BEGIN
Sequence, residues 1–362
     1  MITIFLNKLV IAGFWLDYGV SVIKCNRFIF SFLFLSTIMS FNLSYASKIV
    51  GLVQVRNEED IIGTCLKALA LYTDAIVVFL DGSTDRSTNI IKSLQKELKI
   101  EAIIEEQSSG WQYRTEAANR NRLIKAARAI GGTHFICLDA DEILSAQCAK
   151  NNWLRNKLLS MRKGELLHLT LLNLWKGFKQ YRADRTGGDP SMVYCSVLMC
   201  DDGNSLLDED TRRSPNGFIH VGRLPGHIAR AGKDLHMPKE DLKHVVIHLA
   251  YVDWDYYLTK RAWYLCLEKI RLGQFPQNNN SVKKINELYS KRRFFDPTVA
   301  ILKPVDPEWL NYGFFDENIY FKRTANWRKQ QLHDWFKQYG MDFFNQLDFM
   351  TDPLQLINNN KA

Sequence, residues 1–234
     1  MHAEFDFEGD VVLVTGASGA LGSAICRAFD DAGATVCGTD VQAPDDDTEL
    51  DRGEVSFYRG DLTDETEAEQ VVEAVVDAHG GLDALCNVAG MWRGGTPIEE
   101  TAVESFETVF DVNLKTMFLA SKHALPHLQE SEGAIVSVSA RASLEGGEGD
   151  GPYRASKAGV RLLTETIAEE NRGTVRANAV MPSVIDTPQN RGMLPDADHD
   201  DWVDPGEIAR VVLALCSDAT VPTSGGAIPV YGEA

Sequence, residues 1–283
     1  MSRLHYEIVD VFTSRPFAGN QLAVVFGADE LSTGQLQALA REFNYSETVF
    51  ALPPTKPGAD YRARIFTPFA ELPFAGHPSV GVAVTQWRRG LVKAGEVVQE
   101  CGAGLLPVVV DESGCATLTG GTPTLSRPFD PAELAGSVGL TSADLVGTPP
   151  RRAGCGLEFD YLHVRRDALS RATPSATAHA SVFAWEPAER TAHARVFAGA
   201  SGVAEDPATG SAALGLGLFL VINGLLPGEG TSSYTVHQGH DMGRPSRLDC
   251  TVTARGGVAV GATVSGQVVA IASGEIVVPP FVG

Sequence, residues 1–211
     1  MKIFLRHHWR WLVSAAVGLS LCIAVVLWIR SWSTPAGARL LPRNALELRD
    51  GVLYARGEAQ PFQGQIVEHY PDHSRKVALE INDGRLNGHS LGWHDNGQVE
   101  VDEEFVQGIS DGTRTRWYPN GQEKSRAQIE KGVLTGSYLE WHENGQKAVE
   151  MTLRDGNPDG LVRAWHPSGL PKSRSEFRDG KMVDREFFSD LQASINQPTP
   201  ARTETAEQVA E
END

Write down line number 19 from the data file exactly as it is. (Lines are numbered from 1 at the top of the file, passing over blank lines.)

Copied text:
   101  CGAGLLPVVV DESGCATLTG GTPTLSRPFD PAELAGSVGL TSADLVGTPP